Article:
Being specific about the task makes it easier to track whether you are succeeding in your efforts. For example, “take notes from Chapter 3” isn’t too bad because it is clear about the content (Chapter 3) and activity (take notes). However you could make this even more specific- “write down the top 10 most interesting facts from Chapter 3”. That contains the content (Chapter 3), the activity (write down) and an end-point (10 facts).
Also, notice that I used the term ‘task’ instead of ‘tasks’. Flow is harder to achieve when we are attempting to multitask. Pick a single task and dedicate a significant block of time (e.g. 40 minutes) to working on that task alone.
3. Carve up bigger tasks into more achievable chunks
Flow is typically achieved when doing tasks that are just at the edge of one’s abilities. If the task is too easy, you lose interest. If the task is too difficult you might get discouraged. You need to try and match the difficulty of the task to your current skill level.
In practice this generally means breaking up big overwhelming tasks (e.g. ‘study for exams’) into more achievable chunks. This is closely related to the “be specific…” component described above.
So “study for the psychology exam” ends up becoming a coordinated set of small tasks:
- Chapter 7 – notes and flashcards
- Chapter 10 – notes and flashcards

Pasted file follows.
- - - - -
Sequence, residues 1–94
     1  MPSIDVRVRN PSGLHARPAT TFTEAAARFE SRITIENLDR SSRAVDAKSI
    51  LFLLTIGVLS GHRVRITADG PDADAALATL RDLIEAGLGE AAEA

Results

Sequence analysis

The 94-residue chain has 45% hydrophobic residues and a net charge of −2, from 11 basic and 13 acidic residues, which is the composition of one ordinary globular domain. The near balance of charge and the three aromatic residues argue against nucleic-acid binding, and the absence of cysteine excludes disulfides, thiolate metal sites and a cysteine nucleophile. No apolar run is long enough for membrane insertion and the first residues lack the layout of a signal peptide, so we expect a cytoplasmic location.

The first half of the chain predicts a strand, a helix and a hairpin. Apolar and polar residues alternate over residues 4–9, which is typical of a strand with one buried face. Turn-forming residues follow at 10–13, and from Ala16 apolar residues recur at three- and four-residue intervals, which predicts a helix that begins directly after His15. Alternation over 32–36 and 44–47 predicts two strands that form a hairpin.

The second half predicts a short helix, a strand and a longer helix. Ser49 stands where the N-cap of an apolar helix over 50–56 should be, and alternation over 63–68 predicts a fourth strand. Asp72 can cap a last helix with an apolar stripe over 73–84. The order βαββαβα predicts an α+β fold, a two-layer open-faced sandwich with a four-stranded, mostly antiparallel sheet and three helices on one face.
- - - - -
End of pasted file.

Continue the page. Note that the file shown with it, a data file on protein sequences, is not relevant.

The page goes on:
- Study group – testing each other on Chapter 3
This is a really good strategy to remember when you are sitting down to a task and feeling overwhelmed by the difficulty of it. Remind yourself to carve off a manageable chunk first to get started.
4. Ensure there is some system of feedback involved
Feedback allows us to see that we are making progress. It can also help us adjust our efforts if the feedback suggests we are going off path.
Not all tasks support easy feedback. But even just seeing words on a page, lines on an artwork, ✔ on a to-do list, photos of objects made can help quantify our output and provide indications of progress.
Study is generally well suited to embedding feedback. You can track which readings you’ve done, self-test on multiple-choice, prepare flash cards, count words etc.
Essentially you are after some system, no matter how simple, to show in real-time that you are moving forward on the task.
5. Work in biological peak times
Chronotypes are variations between individuals in their patterns of rest and wakefulness. ‘Morning larks’ are most alert in the morning. ‘Night owls’ are most alert in the evenings. You’ve probably noticed differences in yourself across the day as to when you are most/least alert.
Entering into flow states is likely to be easier at times of the day when we are most alert, so you might want to focus your flow experiments during times of highest alertness.
For me that is the morning. I find it easier to do extended periods of immersed work in the first half of the day, with my capacity fading into the evening.
When are you at your most alert?
6. Remove distractions